This week’s true story comes from the Rev. Marianne Borg, canon of Trinity Episcopal Cathedral in Portland, Oregon. She is married to best-selling author and Bible scholar Marcus Borg and she is the founding director of the Center for Spiritual Development at Trinity. Given the international fame of the Borg name and the top-flight reputation for scholarship at the spirituality center, Marianne responded to the terrorist attacks in 2001 by refocused her center’s considerable resources on healing religious divisions. Some elements within her 2002-2004 program were successful, including occasional weekend guest lectures by visiting teachers, but the core of Marianne’s two-year program … Well, to be honest, it failed. Here, she shares the major lessons she learned through that failure.
THIS IS MARIANNE BORG’S STORY …
After 9/11, there were so many misunderstandings between our religious communities. There was a great deal of ignorance about Islam. There was so much bias. People didn’t realize we all are children of the same father in Abraham. So, we planned a major effort that went on for two years called the Abrahamic Initiative. The moment we announced it, we immediately had 100 people sign up and pay the enrollment fee, so we thought it was going to be a great success.
I hoped we would learn to share a common language and I invited experts to talk with us about these traditions. I wanted top academics in Islam, Judaism and Christianity to share basic information with us about revelation and scripture and practice and mysticism, themes I thought could form a common ground for us. My hope was that taking this academic approach would help us to level the playing field for people more easily and, of course, I knew a top academic in Christianity who was available to do this series: Marcus Borg.
Because Marcus regularly speaks from his position in the academy to general audiences, my thought was that we could bring this down to a more personal level for people. But that assumption was a mistake. Very quickly, I Iearned that the other two academics thought that to share anything personal in this classroom setting we had set up was inappropriate. Rather than really engaging the people who had signed up for this, this lack of a personal connection I think actually caused us to lose a lot of people.
I made a lot of mistakes in this process. I also came to see that our hosting of the program was one of those mistakes. Our audience was mostly Christian from the start and it became almost exclusively Christian as our numbers dwindled and dwindled until we were down from 100 to about 20 at the end. This second lesson was a very hard piece of learning for me because, as a Christian, I am firmly committed to the integrity of interfaith dialogue. But here I was in my own sense of hospitality assuming that our cathedral easily could say to everyone including Jews and Muslims: Come to our place and we will host this conversation. We will look for similarities together here at our place.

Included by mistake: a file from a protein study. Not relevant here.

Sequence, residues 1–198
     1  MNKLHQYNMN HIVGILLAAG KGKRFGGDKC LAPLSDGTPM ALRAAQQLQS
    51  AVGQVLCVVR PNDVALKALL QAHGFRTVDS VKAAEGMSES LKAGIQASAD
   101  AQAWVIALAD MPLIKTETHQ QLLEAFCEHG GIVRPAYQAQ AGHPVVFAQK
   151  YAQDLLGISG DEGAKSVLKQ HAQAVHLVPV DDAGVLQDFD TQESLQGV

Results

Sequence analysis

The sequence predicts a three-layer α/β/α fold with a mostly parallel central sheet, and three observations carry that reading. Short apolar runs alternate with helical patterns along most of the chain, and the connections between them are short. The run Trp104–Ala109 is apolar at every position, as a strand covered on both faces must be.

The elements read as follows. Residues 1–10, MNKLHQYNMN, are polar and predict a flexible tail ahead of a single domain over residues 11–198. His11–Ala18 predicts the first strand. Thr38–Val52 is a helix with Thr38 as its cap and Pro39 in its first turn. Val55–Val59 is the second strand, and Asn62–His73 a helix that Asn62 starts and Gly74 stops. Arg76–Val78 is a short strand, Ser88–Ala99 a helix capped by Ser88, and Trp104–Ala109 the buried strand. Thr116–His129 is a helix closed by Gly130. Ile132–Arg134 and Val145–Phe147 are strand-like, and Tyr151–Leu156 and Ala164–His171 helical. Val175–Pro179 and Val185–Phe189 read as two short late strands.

I soon came to see that in hosting this program there already was a Western Christian bias to my hospitality. As Christians in this country, we have nothing to lose in dialoguing with Muslims and Jews because we are the dominant presence. I don’t perceive myself this way, but I realized the truth of this problem when the Jewish scholar pointed out that the approach we were taking smacked of assimilation and that’s dangerous to Judaism. This hadn’t occurred to me, but when I thought about what he was saying, I realized the bias was there in the way we had structured this. Of course, we were not trying to convert or assimilate anyone, but as Christians we’re the majority in this country. We’re not under any threat for our survival as a minority.
Ultimately, we found that what people really wanted was a sharing of personal stories. What is Islam for you as an individual? What is Judaism for you? Who is my neighbor? What is your story? They were interested in what the academy had to teach and we did have large crowds for some of the special weekend guest speakers, but the academic approach was not enough and over time it was clear the academy wasn’t what would touch people’s lives in an ongoing way.
This really was a stunning learning for me. I was embarrassed by the end of it, discovering that something I thought would raise understanding, in fact, confronted me with some of my own biases. Finally, I concluded the program was a failure.
If we do this again, we will design our program around sharing stories. I am a person who cares about our planet and I began this effort in 2002 in a genuine, sincere and logical way, but we undervalued the many ways people can come to know each other. Our thought was that the academic approach was the most important, but sharing our stories and our lives also is a very important form of learning. We’re in a different time now that calls for a different kind of engagement between people. We must keep trying to bring Jews, Christians and Muslims together, but now is a time for smaller groups in which we can begin by sharing our own stories.
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(Originally published at www.FriendshipAndFaith.com)